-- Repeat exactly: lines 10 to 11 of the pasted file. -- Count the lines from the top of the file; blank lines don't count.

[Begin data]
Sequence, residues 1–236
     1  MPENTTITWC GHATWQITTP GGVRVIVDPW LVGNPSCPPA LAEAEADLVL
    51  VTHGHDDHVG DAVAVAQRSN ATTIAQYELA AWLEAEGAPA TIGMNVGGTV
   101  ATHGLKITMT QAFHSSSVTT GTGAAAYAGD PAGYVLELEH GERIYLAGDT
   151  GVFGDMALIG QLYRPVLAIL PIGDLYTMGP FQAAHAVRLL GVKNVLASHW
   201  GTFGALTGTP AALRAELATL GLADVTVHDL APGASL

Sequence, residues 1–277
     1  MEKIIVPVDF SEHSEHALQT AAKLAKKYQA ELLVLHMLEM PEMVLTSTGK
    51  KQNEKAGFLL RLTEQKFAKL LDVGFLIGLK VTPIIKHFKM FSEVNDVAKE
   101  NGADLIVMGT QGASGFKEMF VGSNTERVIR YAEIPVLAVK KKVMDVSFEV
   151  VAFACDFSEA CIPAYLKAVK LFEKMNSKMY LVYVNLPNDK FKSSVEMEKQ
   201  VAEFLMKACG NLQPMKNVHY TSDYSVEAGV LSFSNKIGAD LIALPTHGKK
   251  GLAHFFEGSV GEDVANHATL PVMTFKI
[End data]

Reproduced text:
   101  NGADLIVMGT QGASGFKEMF VGSNTERVIR YAEIPVLAVK KKVMDVSFEV
   151  VAFACDFSEA CIPAYLKAVK LFEKMNSKMY LVYVNLPNDK FKSSVEMEKQ